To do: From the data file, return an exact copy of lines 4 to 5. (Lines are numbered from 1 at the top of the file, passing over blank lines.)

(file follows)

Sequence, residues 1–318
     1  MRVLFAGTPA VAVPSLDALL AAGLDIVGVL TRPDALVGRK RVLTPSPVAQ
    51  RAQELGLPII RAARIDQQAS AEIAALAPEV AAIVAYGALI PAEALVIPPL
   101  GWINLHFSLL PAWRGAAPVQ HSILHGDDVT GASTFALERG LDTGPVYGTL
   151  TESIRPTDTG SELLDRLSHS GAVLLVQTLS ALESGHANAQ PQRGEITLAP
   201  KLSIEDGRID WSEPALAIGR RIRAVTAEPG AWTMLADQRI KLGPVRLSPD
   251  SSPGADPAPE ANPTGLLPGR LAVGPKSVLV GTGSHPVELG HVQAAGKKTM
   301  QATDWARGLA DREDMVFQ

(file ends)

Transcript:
   101  GWINLHFSLL PAWRGAAPVQ HSILHGDDVT GASTFALERG LDTGPVYGTL
   151  TESIRPTDTG SELLDRLSHS GAVLLVQTLS ALESGHANAQ PQRGEITLAP